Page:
China Engages in 'Backdoor QE' as Monetary Policy Shifts, Says Jefferies

Policy easing in China is bigger than you think.

Beijing Economy As China GDP Slows to Weakest Since 2009

A pedestrian walks past the People's Bank of China (PBOC) headquarters in Beijing, China, on Monday, Jan. 18, 2016. China's economy slowed in December, capping the weakest quarter of growth since the 2009 global recession, as the Communist leadership struggles to manage a transition to consumer-led expansion.

Blink and you might have missed it: The People's Bank of China's (PBOC) expansion of its lending facilities — aimed at injecting banking-sector liquidity and lowering borrowing costs for companies — is shoring up bank-demand for government bonds, a development analysts at Jefferies Group LLC have dubbed a form of backdoor quantitative easing (QE).  

Chinese authorities have embarked on a bumper monetary-easing program that boosts Beijing's fiscal firepower to both juice the economy and redress bad debts that are clogging the financial system and depressing private-sector investment.

In a research report published on Monday, equity analysts at Jefferies, led by Sean Darby, say markets have overlooked one key monetary development: the PBOC has essentially launched QE through the backdoor in recent months, thanks to the expansion of lending facilities aimed at controlling the domestic monetary base.

The analysts say the PBOC has increased lending to state-owned banks, with the latter subsequently snapping up Chinese government bonds aided, in part, by the central bank's liquidity infusions.  

In order to offset the contraction of the PBOC’s balance sheet due to capital outflows and dollar repayments, the central bank engaged in a form of ‘backdoor QE’ in our view. Alongside the introduction of short-term monetary instruments such as Medium-term Lending Facility (MLF) and Standing Lending Facility (SLF), the PBOC has moved away from using conventional interest rate and RRR cuts.

Reserve requirement rate (RRR) cuts could fuel capital outflows, while a further loosening of the policy rate threatens to reflate the property bubble in first-tier cities. As a result, the PBOC has used new lending instruments to both manage banking-sector liquidity and to provide funds for targeted lending, the analysts say. This dynamic is boosting banks' firepower to buy government bonds and, thereby, helping to ease long-term borrowing costs in the real-economy.

 

The market expects rates on quantitative tools will be lowered and liquidity volumes increased in the coming months if the economy slows. In a report earlier this month, the PBOC expressed concerns lower rates would add too much liquidity into the financial system and feed expectations the yuan will depreciate.

The SLF is seen as the ceiling of an interest-rate corridor formed by the central bank, and the MLF is targeted for areas such as agriculture and small and medium-seized businesses. But a happy by-product for the government is that the aggregate increase in system-wide liquidity is fueling lender demand for government bonds, the analysts at the U.S. investment bank say.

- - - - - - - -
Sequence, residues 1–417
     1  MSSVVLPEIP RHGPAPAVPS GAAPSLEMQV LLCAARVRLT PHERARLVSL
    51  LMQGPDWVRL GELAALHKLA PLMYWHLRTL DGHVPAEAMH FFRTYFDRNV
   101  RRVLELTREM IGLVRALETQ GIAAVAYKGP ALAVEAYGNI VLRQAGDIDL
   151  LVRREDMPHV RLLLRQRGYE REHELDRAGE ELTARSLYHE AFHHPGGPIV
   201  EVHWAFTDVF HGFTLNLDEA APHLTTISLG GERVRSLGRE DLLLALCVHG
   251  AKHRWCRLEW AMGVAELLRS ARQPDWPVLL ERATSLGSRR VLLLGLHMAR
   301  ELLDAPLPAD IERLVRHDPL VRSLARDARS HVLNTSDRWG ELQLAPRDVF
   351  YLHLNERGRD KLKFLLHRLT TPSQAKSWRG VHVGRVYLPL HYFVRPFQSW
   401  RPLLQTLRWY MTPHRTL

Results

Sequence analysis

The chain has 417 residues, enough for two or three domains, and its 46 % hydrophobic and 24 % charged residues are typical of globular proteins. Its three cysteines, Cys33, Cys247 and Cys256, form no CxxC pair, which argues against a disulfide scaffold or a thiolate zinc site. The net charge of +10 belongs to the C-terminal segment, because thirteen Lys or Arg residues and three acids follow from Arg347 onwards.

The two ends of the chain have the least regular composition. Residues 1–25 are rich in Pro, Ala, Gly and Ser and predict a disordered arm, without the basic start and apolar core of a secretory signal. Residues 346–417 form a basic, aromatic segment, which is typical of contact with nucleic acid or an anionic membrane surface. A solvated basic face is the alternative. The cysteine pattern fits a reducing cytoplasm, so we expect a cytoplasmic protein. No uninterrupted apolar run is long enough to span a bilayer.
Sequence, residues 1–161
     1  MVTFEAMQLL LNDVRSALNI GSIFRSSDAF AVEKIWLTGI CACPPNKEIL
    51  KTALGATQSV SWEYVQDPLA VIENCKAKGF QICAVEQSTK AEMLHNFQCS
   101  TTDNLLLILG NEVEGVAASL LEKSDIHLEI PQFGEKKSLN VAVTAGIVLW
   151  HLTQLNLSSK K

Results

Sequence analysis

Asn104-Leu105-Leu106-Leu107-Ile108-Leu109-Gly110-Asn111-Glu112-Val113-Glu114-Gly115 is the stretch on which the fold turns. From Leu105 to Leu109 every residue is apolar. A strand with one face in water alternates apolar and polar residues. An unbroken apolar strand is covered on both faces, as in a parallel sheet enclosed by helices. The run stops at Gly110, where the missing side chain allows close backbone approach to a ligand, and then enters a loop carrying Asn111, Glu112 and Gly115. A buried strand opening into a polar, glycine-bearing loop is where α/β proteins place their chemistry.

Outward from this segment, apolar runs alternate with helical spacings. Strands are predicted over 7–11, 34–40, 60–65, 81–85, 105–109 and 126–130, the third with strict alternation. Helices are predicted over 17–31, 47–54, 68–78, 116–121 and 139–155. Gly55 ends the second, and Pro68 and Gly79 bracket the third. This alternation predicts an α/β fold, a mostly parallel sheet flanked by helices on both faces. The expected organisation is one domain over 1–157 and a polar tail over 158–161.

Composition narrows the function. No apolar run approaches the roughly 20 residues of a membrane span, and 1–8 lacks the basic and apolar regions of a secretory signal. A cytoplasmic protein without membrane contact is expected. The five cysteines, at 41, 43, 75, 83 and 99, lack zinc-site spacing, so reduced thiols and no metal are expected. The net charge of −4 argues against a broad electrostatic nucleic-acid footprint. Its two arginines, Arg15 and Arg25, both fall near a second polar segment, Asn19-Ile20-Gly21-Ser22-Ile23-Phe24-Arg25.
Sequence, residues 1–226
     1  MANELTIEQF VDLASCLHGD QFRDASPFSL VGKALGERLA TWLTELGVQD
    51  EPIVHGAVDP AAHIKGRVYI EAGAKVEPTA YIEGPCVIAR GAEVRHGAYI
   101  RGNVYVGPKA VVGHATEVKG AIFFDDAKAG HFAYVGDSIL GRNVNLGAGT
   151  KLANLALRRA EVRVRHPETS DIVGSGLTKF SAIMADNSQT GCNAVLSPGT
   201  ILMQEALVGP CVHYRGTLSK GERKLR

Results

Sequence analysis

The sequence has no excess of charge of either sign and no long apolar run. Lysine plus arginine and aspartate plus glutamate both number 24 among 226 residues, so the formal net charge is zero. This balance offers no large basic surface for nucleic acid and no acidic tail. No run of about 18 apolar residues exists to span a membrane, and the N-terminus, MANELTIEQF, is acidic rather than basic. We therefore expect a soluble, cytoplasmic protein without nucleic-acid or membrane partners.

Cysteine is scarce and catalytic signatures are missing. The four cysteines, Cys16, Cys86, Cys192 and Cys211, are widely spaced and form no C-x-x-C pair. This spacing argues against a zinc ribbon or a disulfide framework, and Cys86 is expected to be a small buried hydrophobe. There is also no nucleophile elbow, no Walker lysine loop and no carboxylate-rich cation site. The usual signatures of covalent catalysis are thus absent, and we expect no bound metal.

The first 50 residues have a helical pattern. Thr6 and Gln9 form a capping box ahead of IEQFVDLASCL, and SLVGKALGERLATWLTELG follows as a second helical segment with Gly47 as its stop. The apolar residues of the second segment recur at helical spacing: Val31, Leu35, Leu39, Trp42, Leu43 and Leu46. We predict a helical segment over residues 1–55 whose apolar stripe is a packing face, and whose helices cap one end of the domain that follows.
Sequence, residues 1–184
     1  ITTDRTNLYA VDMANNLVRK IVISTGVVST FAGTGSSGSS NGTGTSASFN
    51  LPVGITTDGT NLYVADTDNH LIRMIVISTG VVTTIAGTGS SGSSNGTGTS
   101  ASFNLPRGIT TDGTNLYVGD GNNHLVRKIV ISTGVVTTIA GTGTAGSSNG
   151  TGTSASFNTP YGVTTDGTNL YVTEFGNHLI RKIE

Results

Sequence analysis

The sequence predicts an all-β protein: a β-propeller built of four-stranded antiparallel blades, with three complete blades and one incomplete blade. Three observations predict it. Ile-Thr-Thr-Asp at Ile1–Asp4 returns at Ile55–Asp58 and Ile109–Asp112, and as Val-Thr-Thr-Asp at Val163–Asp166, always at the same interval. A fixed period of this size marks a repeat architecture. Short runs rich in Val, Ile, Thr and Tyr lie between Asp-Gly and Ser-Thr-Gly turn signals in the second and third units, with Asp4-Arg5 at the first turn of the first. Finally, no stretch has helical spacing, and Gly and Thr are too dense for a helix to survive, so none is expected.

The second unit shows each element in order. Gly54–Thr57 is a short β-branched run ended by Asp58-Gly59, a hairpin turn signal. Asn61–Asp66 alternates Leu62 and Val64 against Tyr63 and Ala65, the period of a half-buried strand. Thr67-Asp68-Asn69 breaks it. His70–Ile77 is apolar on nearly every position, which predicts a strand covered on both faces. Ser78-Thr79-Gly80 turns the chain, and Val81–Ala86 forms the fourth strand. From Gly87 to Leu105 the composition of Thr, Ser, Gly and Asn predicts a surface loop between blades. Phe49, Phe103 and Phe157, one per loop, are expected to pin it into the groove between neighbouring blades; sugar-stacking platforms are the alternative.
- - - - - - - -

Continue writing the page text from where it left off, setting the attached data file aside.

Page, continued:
The Jefferies' strategists add that this fiscal and monetary co-ordination in China can be seen as a prelude to oncoming stimulus efforts in advanced economies. Nevertheless, Western central banks have engaged in far-more aggressive efforts to expand the money supply since the crisis, through buying up a bevy of financial assets directly from commercial banks. And the PBOC doesn't call its liquidity operations a form of QE, even as it directly re-capitalized policy banks last year to finance government investment programs.

But the QE analogy is deployed to make an under-appreciated point: the PBOC has loosened monetary policy to a greater scale than implied when looking at conventional tools, such as the (RRR) and policy rates, while it has sought to increase the proportion of domestic assets, relative to foreign, on its balance sheet over the past year.

Wei Yao, China economist at Societe Generale SA, adds: "You might not want to call this QE as it's not a textbook definition, especially since reliance on these new and short-dated instruments, relative to the average-weighted maturity of Chinese government bonds, would expose banks to duration mis-matches." But she adds that the introduction of new lending instruments should be seen in a bigger context: "The PBOC is transforming its balance sheet to that of a Western central bank by increasing the weight allocated to domestic assets."

Given the weak private-sector credit cycle, PBOC will continue to keep liquidity loose using its bevy of lending facilities, the analysts conclude, citing the negative spill-over impact of further cuts to the policy rate and the RRR, as well as the central bank's desire to offset any contraction in its balance-sheet triggered by foreign outflows.

This dynamic, according to the Jefferies analysts, is a boon to Beijing's fiscal-easing efforts.

The QE analogy is, therefore, somewhat ironic. The PBOC has traditionally shaped domestic credit conditions by using tools to adjust the quantity of money, rather than its price (the interest rate), through open-market operations. However, in recent years, the PBOC has sought to establish an interest-rate corridor, and a de facto interbank rate-target similar to Western central banks. Now the economic cycle is forcing the PBOC to redouble its focus on quantitative targets. 

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